But here’s the thing. Sloan’s letting Deron be the Ninja. He’s letting Kirilenko be AKWSUA. And the team is looser, faster, unpredictable-er, more fun, and just plain better because of it.


3. Let CJ play. How many times did we call CJ an idiot a month and a half ago? How many times did we want to beat Sloan on the head to bench CJ and let KK take all the minutes? Hell, I even created the CJ theory to explain how the Jazz offense stagnates when someone starts thinking he’s a superhero and takes a bunch of crappy, off-balance, contested 3’s.


Well, CJ got to play through it, and now we’ve got a 3-headed-swing-man monster (The Doe-Sweet Wesley-Korgasm) that trusts each other, believes in itself, makes good decisions, and has earned the complete trust of Deron. These 3 guys are the Jazz X-factor this year.


4. Trusted OMSW. And speaking of wings—Sloan gave an undrafted rookie a lead role. Read that line again. Sure, he was forced to at first, but nobody forced Sloan to keep trusting Wesley Matthews after CJ and KK got healthy again. Nobody forced Sloan to keep trusting Wesley Matthews when he played like crap the first half-dozen games after the Brewer trade. 


5. Let the Millsap/Boozer issue work. This can’t be underestimated. We have two starting power forwards, both making starter money, both ready to be The Man, and it’s worked. No ego problems. No backbiting. How much of this is Sloan? How much is because Millsap’s the good soldier? How much of this is Boozer’s attitude? We’ll never know. But my gut tells me at least part of it is how Sloan handles the guys behind closed doors.


One thing I do know for sure—Boozer’s not the guy making it work (Mr. I’m-the-starter no matter what).


6. Play Ronnie Price. I don’t care how much of a fan favorite he was, Ronnie Price was a terrible backup PG at the start of the season. Great energy guy, but terrible backup PG. He could not run the offense at all.


Well, Sloan stuck with him. Even though Deron would have enthusiastically played 48 minutes per game if asked. Even though Yatta could run the offense better at first. 


And now Ronnie’s become a great backup PG. How many times have the Jazz built a small lead during the 1st quarter, only to have the lead blow up into double digits in the early 2nd, when the benches are playing? Who’s the guy running the offense then? Who’s the guy getting KK and CJ and Millsap good shots? Ronnie Price.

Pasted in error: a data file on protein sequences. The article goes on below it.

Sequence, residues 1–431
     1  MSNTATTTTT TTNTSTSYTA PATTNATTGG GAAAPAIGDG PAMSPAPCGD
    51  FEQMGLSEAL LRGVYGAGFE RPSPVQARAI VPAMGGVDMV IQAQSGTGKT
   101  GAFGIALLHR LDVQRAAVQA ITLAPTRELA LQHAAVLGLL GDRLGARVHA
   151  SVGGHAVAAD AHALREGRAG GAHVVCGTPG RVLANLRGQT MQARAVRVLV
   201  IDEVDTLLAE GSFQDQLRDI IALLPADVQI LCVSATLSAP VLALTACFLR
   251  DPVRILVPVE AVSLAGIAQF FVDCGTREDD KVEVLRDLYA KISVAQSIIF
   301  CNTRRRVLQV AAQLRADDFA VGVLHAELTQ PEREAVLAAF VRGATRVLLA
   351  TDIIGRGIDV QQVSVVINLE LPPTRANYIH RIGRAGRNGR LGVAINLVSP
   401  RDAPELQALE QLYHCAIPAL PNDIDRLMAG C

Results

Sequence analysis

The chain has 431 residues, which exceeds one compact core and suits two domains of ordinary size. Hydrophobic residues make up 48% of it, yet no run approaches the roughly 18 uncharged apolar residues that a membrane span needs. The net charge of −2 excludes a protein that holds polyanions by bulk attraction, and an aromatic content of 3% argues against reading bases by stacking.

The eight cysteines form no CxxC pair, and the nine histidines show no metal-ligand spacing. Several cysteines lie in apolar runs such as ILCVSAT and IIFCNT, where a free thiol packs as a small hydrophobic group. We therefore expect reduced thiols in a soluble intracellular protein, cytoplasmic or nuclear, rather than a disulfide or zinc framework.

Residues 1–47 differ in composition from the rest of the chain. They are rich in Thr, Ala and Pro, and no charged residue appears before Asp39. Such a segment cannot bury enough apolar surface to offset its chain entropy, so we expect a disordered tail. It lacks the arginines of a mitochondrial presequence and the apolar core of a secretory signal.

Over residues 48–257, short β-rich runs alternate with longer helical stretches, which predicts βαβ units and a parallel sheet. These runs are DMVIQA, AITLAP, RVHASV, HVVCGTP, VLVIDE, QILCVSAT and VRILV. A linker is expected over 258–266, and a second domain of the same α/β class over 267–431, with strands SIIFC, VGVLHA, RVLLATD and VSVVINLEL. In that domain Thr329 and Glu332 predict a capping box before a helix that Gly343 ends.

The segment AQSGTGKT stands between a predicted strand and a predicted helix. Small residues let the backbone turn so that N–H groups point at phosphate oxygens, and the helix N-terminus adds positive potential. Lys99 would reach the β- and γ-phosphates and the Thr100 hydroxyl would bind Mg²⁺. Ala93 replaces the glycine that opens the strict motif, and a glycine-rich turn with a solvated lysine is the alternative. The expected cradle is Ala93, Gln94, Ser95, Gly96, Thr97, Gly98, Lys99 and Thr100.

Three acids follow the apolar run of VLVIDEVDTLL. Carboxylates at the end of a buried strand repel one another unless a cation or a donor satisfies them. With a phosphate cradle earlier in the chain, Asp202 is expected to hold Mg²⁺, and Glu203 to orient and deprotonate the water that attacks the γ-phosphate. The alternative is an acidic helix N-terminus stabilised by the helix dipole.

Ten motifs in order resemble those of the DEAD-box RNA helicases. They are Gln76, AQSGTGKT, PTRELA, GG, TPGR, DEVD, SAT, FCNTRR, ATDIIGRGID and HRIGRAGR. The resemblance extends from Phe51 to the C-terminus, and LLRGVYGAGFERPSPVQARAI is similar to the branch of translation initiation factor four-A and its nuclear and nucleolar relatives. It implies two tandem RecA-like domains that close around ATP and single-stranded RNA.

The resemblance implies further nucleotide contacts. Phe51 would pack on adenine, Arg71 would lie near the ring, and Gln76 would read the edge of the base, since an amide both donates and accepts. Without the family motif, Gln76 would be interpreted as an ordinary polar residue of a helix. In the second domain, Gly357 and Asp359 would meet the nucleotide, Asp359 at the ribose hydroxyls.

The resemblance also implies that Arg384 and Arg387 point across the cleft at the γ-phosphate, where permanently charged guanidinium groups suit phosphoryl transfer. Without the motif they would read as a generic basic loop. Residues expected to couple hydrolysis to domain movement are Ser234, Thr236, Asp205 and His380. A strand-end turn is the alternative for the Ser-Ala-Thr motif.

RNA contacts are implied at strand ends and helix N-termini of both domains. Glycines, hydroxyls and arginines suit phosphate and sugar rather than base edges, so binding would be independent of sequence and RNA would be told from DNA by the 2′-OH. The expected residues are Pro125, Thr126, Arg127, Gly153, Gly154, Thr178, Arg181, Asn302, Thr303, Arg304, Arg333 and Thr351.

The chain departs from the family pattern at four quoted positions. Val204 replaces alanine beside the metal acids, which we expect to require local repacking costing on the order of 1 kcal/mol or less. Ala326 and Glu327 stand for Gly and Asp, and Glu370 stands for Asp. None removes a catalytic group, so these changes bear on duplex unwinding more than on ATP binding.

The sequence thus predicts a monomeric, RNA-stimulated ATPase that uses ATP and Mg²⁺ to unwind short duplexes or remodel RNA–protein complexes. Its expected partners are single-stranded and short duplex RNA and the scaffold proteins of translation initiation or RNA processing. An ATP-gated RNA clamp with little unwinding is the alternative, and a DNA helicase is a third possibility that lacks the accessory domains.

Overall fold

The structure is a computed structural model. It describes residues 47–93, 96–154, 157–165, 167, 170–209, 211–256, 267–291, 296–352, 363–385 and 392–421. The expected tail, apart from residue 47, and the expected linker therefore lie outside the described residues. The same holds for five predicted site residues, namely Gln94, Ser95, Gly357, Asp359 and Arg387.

7. Actually run an offense. Cleveland beat Milwaukee two nights ago on a play designed by … LeBron James. That’s great LBJ’s got that kind of basketball IQ, but why didn’t Mike Brown design the play? Because Mike Brown doesn’t have the team run an offense. And neither does the majority of the NBA. Just a bunch of iso’s, pick-and-rolls, and drive-and-kicks.


There’s a reason the Jazz have the best FG% and most assists in the league. And now that Sloan (grudgingly) lets the team go after more 3-point shots they’ve become almost ridiculous offensively.


8. Little decisions. Having Deron guard Brandon Roy. Playing Fess more—at the right times (not to mention kneeling right in front of Fess during timeouts to get him to pay attention at least 68% of the time). Moving AK back to the starting lineup. Calling timeouts to interrupt opponents’ momentum (I think Sloan’s done this about 5000% more this year than ever before). 


9. No Chemistry Poison. No Boozer/Millsap incidents. No "not enough minutes" meltdowns from CJ, KK, or OMSW, or AK-47. Deron's little fit over the Brewer trade lasted only a few games. No "we're sick of the petty back-stabbing comments" histrionics sent to Boozer. Only 1 or 2 stupid comments from Boozer all year. No "I want the ball more" complaints to the media. 


There have been several perfect opportunities for the team to implode, and they haven't.  Why?


Because the players have matured a bit? Probably. Because the coaching staff intelligently and honestly handles playing time, egos, and game-time-involvement? Definitely.


10. Enjoying the ride. Watch Yatta’s miraculous game-winner again. Sloan, he of the bad knee and back, nearly jumped up and down in excitement. We haven’t seen that kind of joy from him in a while. I don’t think it’s a coincidence that now we’re seeing that kind of joy from the players too.


* * * * *


You can’t say the Jazz are good just because of Jerry Sloan. The players have done a hell of a job too, developing, getting better, and figuring each other out.


But Jerry Sloan has done a great job this year. I really wonder if Scott Brooks, Scott Skiles, or any other name boinked about the blogosphere and pundits for Coach of the Year have done nearly as much to make their teams good. Especially when you think about how awful the year started, how good they are now, and how much of that change can be linked straight to what Jerry Sloan has done.





* just a bit more: Sloan eats dinner in the press-box with the beat reporters each game. He comes out of the l ocker room within 5 minutes of the game's end to talk to the reporters, just to help them get their stories done by the deadline. How cool is it to have a guy like that coaching our team?

All comments are the opinion of the commenter and not necessarily that of SLC Dunk or SB Nation.